underground gourmet

Soft Eggs, Bright Chiles, Extra-Crisp Pastry

Mughlai paratha, a specialty from Bangladesh, arrives in Bed-Stuy.

What $10 well spent looks like. Photo: Hugo Yu
What $10 well spent looks like. Photo: Hugo Yu

Nawabi Bhoj, in Bed-Stuy, is only a few months old, but Nisad Mohammed, who opened the Bengali restaurant with his two older brothers, has known this stretch of Fulton Street for his entire life: “My dad’s grocery,” which he opened after immigrating from Bangladesh in the ’80s, “used to be this fish store right here, then we moved a few stores down over there by the Shake Shack,” he says. One block over is the location of a different, bigger supermarket they owned until recently. “My father has been in that neighborhood for so long that everybody kind of knows who we are.”

Along with his brothers, Mohammed already runs two Indian restaurants in the area — Green Chilli on Nostrand Avenue and Bombay Grill on Bedford Avenue — but they had been waiting on the right circumstances to open something more personal. “A lot of the Indian restaurants are actually owned by Bengali people,” he says. “Early on, Bengali food wasn’t that popular,” and Indian food was a better business move. But with most of the Bengali restaurateurs focusing on Indian food, that left nobody to make authentic Bengali food for the community: dishes such as khala buna, beef curry coated in spices and fried until dry, served with khola jali pitha, a soft rice crepe; or piaju, lentil fritters that are as common as falafel.

The three brothers worked with chef Masuma Ali to develop the menu, which includes celebratory duck curry, and a case of sweets such as doughnut-adjacent balushahi and cheese dumplings served in cardamom-spiced milk. The most distinctive items are the snacks, like an aloo puri piaju sandwich closely resembling Caribbean doubles, beef-liver samosas, and the spicy egg-filled Mughlai paratha, which is one of the most satisfying things I have found to eat in the entire city. It costs $10.

Unlike the pan-cooked paratha that’s on Nawabi Bhoj’s breakfast menu, the Mughlai paratha is a more involved process, making it one egg dish you can’t order until lunch. It starts with a ball of the basic flour-and-oil paratha dough, rolled about 15 inches wide, over which a cook spreads a single egg beaten with onion, cilantro, and finely minced Thai green chile, evenly dispersing the aromatics and leaving a two-inch border so the sides can be folded into a rectangle and pinched shut with wet fingers.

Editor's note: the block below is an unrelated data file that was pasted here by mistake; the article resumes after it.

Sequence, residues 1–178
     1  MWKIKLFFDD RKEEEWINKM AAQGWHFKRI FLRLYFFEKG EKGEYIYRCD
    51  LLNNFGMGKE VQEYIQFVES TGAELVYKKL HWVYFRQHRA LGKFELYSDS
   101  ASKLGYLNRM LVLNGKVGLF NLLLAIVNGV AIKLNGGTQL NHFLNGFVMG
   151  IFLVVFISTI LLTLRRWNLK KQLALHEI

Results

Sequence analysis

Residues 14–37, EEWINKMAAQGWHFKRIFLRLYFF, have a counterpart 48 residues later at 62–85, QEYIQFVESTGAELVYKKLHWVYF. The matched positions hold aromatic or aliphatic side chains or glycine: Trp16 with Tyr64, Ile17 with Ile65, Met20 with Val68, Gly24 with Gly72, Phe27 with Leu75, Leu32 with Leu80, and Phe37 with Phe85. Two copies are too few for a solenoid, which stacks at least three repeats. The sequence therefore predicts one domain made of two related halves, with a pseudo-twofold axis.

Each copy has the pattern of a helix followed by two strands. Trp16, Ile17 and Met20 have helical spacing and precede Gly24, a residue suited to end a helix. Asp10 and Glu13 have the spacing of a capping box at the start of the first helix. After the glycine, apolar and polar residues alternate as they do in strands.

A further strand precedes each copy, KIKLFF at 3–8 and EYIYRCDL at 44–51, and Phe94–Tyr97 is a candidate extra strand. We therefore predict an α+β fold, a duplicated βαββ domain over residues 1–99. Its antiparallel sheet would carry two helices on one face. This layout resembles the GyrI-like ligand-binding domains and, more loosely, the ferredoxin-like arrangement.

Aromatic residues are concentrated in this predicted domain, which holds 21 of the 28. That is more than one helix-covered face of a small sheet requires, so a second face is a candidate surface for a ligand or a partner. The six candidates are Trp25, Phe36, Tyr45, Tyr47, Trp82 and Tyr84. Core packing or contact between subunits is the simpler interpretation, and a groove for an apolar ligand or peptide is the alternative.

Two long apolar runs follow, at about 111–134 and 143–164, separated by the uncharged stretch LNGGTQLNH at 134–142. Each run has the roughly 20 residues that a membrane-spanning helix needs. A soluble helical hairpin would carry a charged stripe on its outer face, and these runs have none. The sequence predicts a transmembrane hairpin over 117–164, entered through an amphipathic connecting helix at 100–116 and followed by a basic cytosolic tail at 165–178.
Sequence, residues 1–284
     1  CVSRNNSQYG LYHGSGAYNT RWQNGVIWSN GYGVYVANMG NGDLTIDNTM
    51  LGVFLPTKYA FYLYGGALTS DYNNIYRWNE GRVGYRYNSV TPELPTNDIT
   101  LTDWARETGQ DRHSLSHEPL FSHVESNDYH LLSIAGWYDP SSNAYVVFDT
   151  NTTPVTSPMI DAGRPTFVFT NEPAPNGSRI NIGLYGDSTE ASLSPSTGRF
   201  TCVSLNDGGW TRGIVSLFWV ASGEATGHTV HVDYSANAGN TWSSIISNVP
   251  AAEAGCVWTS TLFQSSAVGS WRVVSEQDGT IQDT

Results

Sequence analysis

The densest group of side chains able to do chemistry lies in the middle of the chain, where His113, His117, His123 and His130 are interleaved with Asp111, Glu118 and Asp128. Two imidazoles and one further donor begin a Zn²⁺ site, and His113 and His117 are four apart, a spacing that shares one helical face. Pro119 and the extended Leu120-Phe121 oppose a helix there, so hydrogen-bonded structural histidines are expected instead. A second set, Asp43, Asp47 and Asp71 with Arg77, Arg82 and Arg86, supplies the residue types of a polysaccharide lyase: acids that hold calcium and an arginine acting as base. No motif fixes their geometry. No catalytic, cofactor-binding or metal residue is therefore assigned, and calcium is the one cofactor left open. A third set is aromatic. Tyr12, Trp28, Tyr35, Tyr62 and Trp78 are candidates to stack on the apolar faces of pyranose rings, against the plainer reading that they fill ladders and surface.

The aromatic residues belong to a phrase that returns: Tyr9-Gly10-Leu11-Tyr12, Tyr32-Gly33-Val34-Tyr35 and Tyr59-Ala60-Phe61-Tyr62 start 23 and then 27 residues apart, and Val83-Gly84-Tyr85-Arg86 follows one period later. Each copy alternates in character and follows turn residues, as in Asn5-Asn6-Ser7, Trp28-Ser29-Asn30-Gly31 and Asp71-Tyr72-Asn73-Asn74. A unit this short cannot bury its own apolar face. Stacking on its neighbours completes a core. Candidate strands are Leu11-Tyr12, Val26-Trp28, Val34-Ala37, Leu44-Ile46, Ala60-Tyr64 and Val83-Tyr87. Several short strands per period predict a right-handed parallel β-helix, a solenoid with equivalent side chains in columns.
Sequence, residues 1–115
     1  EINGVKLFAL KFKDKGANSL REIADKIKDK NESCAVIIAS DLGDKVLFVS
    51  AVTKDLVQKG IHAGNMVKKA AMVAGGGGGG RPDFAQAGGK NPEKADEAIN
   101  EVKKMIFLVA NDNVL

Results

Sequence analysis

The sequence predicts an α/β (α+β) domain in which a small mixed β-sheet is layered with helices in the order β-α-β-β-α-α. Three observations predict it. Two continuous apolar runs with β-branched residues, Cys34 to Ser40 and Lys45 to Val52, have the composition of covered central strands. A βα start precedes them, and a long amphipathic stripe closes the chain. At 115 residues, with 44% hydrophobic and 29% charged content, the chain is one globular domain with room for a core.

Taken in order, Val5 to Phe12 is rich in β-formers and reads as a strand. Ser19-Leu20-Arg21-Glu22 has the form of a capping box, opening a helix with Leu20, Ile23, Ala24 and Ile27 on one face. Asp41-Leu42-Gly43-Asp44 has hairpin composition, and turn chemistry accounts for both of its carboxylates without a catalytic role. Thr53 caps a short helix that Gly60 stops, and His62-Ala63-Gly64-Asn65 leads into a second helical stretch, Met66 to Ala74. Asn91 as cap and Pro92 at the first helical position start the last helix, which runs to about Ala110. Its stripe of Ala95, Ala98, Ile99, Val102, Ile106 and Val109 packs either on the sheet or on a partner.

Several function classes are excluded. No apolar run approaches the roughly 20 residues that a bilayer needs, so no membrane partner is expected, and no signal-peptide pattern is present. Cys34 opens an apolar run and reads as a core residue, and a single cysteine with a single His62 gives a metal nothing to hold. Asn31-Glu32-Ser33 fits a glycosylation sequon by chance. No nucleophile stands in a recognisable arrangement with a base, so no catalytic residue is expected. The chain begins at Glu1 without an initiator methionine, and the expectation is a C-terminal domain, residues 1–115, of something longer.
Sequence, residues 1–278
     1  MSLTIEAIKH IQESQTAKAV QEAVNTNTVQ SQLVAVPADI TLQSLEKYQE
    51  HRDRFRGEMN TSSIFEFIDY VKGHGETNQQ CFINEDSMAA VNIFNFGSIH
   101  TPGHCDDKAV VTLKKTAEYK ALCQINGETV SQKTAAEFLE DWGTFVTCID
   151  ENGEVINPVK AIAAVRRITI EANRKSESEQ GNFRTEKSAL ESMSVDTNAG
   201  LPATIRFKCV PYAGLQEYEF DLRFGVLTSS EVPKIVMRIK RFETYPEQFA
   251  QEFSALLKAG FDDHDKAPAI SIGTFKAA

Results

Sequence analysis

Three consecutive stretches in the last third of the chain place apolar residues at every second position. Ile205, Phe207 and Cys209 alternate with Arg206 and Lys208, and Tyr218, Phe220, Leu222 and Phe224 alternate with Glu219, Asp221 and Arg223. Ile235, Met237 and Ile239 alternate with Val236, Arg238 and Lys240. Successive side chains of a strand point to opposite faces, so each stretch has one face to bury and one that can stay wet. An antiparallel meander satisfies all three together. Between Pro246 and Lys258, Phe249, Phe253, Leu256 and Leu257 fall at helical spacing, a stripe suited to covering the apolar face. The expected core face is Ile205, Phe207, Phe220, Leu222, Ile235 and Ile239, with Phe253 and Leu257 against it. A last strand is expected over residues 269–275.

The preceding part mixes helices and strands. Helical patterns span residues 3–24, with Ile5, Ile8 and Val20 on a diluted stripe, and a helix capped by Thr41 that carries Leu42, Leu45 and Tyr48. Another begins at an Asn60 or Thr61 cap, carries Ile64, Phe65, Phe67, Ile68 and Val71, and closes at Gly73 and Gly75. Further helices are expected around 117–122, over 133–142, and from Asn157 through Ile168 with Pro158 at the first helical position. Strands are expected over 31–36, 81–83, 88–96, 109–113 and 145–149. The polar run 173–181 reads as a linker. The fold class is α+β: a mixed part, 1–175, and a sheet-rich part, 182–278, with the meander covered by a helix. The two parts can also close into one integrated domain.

The packet of pastry heads to the fryer, a wide shallow pan set over a high-powered burner, filled with fresh oil. For the next ten minutes, they baste the surface with hot oil until the bottom has browned and sets enough to flip, after which the basting continues for another few minutes before the paratha is lifted, drained, chopped into a dozen bites with a mezzaluna, and finished with a shake of chaat masala.

The egg stays soft within the blistered exterior, which conversely remains crisp, even after being exposed to its own billowing steam. While the paratha crust bulks up the minimal amount of protein within, the egg filling makes a big impact thanks to that green chile, whose fierce heat pops in each bite. The Mughlai paratha is optimized for sharing, but you could have one by itself for lunch or dinner, comfortably seated in a cushioned armchair in the windowed dining room. While you’re there, look up to see the dramatic woven ceiling and matching fans that evoke the back-home feeling.

Because they prepare the Mughlai paratha in batches ahead of time and fry them to order, and because it’s one of their most popular dishes so far, it sells out early every day. “No one else really has this,” says Mohammed. “This is like our weekend food. You wake up on Saturday or Sunday, and Mom would be making them.” At Nawabi Bhoj, they’re available every day of the week.

Flaky. Photo: Hugo Yu

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